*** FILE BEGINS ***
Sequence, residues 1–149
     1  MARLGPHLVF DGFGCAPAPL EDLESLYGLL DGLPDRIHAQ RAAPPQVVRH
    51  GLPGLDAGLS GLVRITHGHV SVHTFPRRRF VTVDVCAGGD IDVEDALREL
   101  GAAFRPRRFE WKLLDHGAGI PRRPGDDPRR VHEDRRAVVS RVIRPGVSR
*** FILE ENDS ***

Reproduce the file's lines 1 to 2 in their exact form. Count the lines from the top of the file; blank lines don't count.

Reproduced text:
Sequence, residues 1–149
     1  MARLGPHLVF DGFGCAPAPL EDLESLYGLL DGLPDRIHAQ RAAPPQVVRH